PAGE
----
The FTX Cryptocurrency Scandal
- December 14, 2022
- Posted by: CKH Marketing
- Category: Uncategorized
Only months ago, FTX, short for “Futures Exchange”, cryptocurrency was seemingly a huge success. Being valued at an estimated $32 billion in January and garnering massive support from celebrities. The platform was one of the biggest crypto trading exchanges and was recognized by the community as one of the more transparent crypto operations. However, since then, the organization has hit some major turbulence and appears to be unraveling rapidly.
The cryptocurrency world sits in a generally unregulated area of the financial sector, and most of the world is still learning how trading, owning, and tracking crypto works for users, sellers, and regulators. Initially, the origin of this scandal was believed to be the result of a typical bank-run, where many users feared loss and withdrew their funds, depleting the exchange’s reserves. However, as more evidence is discovered, the story around FTX becomes more and more unclear and possibly involves criminal behavior. Here’s a rough timeline of what led to the downfall of FTX:
Nov 2- CoinDesk, a digital currency news site, publishes a report that reveals Alameda Research – a sister company to FTX – has a balance sheet full of FTT, the cryptocurrency issued by FTX.
Nov. 6: Binance, another crypto exchange, says they will offload all its remaining FTX tokens “due to recent revelations that have come to light.” FTT prices drop as investors begin to withdraw.
Nov 8: Binance agrees to acquire FTX.
Nov 9: Binance pulls out of its acquisition of FTX and U.S. Regulators reportedly begin investigating.
Nov. 10: FTX warns US users of a trading pause.
Nov 11: FTX files for bankruptcy. CEO and founder, Sam Bankman-Fried, age 30, resigns.
Nov 11: Reports emerge that FTX has transferred $10 billion to Alameda Research, sparking concern about what level of access top leaders have to company finances.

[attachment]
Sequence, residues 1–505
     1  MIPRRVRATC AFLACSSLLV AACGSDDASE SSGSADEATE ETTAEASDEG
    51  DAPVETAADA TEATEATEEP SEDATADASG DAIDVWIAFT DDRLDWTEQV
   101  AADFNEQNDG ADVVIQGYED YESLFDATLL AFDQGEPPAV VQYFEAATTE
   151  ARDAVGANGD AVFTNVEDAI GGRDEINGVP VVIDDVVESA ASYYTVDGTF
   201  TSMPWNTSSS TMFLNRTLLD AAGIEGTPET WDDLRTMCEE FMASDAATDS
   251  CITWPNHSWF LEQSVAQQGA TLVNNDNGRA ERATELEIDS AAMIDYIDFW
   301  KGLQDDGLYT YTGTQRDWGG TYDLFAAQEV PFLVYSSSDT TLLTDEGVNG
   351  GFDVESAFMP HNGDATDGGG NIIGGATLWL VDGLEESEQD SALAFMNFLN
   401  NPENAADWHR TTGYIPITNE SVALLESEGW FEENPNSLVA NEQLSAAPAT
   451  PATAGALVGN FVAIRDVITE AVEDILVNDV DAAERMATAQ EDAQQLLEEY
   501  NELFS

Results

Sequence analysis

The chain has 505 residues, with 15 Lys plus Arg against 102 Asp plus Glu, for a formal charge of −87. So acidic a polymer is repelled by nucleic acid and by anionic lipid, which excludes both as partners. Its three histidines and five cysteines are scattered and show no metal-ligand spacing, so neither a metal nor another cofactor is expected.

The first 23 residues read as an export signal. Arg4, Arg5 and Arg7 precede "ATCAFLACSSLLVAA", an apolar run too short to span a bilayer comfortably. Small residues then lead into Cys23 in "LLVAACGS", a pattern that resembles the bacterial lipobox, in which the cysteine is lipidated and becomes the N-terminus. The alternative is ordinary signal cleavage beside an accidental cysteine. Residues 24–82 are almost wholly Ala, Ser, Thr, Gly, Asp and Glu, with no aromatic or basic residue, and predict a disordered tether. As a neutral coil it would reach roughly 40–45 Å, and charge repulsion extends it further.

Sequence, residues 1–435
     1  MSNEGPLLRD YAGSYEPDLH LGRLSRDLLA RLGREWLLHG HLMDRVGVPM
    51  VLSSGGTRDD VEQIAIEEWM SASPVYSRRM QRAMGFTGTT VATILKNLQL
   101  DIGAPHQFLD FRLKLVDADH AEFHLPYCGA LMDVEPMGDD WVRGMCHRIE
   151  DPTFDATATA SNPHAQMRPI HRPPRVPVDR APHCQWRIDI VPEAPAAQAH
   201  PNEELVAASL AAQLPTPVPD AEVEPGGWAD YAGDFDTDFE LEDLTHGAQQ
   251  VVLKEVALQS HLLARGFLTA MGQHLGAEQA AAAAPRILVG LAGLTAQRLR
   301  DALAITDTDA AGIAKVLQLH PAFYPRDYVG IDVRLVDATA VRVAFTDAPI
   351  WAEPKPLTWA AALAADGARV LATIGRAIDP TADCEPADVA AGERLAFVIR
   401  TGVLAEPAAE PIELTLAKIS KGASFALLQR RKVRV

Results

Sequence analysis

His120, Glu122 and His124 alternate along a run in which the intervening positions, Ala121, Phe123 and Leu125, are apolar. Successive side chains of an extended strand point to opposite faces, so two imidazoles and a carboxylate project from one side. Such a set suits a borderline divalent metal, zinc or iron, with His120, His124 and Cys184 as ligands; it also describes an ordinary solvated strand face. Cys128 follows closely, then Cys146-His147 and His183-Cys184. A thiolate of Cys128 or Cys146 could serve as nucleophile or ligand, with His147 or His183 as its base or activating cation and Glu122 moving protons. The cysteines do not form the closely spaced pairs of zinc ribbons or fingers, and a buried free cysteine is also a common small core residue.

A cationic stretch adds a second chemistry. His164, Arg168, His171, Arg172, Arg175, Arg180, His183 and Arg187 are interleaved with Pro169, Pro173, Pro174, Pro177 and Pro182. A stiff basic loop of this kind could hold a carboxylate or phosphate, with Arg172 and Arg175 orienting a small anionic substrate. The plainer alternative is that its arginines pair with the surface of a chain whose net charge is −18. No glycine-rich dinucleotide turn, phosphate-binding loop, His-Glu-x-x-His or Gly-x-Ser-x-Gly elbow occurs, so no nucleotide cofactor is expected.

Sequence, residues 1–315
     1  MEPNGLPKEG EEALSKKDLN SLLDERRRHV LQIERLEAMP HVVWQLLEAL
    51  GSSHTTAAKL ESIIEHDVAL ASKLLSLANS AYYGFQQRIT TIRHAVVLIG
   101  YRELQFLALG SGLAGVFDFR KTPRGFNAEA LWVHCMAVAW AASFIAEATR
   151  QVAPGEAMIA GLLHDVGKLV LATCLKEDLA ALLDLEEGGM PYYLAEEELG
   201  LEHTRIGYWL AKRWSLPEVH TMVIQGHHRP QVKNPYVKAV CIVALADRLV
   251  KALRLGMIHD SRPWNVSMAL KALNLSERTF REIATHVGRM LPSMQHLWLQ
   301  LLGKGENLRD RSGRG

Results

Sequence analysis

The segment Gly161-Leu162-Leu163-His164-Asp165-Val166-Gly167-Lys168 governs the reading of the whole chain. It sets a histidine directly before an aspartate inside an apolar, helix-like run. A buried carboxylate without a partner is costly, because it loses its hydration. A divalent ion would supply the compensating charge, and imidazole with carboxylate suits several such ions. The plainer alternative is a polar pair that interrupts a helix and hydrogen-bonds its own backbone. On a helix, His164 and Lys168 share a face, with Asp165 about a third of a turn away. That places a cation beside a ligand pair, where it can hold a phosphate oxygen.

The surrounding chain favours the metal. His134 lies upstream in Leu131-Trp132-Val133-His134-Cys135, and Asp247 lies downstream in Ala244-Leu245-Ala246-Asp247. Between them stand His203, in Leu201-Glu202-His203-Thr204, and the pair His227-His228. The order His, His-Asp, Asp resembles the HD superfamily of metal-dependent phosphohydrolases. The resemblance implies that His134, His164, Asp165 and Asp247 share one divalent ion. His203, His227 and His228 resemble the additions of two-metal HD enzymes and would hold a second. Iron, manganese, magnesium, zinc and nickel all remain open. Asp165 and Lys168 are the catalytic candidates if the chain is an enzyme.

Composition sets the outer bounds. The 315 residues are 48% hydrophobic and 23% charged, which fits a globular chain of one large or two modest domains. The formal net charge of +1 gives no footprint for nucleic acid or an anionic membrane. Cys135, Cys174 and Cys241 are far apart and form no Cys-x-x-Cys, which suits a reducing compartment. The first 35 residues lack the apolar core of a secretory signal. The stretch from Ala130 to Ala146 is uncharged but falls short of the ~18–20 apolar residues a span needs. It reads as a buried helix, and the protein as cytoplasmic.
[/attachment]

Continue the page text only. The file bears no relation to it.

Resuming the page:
Nov. 12: Customer funds are reportedly missing.
Nov 13: News organizations begin reporting that much of the money transferred out of FTX in its final hours has now disappeared.
Nov. 14: Multiple regulators reportedly begin looking into criminal liabilities surrounding the company.
Reuters reports that at least $1 billion of customer funds are missing from FTX. The Securities and Exchange Commission and Justice Department are investigating the exchange. The authorities in the Bahamas, where FTX was headquartered, also said they were investigating the exchange. Legal experts say FTX’s use of customer money for reasons that were not clearly stated could be the basis for fraud or embezzlement charges.
Either way, Bankman-Fried and quite a few of FTX’s celebrity endorsers now face a class action lawsuit from U.S. crypto investors. Filed last week in Miami, the lawsuit accuses FTX of “false representations and deceptive conduct.”
And the status of FTX has only continued to fall as on:
Nov. 20: FTX states that the company owes 50 of its largest creditors almost $3 billion. With the largest individual claims being $226 million and $203 million each.
Nov. 22: As bankruptcy procedures moved forward, more details of the money behind Bankman-Fried’s empire start to emerge. While FTX executives stated they had found assets worth $1.4 billion, they cautioned that it might still take a while longer to construct a complete balance sheet. Tax papers also show that FTX and Alameda Research had lost a combined total of $3.7 billion between 2019 and 2021, which shows that these organizations were never thriving as they may have seemed.
Nov. 28: Cryptocurrency platform BlockFi files for Chapter 11 bankruptcy in New Jersey and stated its failure on its exposure to FTX. The company claimed in a press release that the FTX collapse severely harmed them, thus leading to a liquidity issue.
Dec.10: Bankman-Fried said in an interview with the BBC that he plans to start a new company to reimburse his clients. Bankman-Fried stated that in order to recover the lost assets of his consumers, he would “sacrifice anything” to be able to launch a new business. He also said, “I think at the very least I have a duty to FTX users to do right by them as best as I can.” He added, “I would give anything to be able to accomplish it.”
Bankman-Fried was detained in the Bahamas on December 12th.
Bankman-Fried was detained by Bahamian authorities at the US government’s request, according to US attorney Damian Williams. He is now facing an array of charges including wire fraud, conspiracy, and campaign finance violations. If convicted of all charges, Bankman-Fried could face a maximum of 115 years in Prison. He was also denied bail on December 13th as he posed a flight risk. Bankman-Fried’s next court hearing will take place on February 8th, 2023.
Bankman-Fried’s fate and the story behind FTX continues to develop. Return back for more.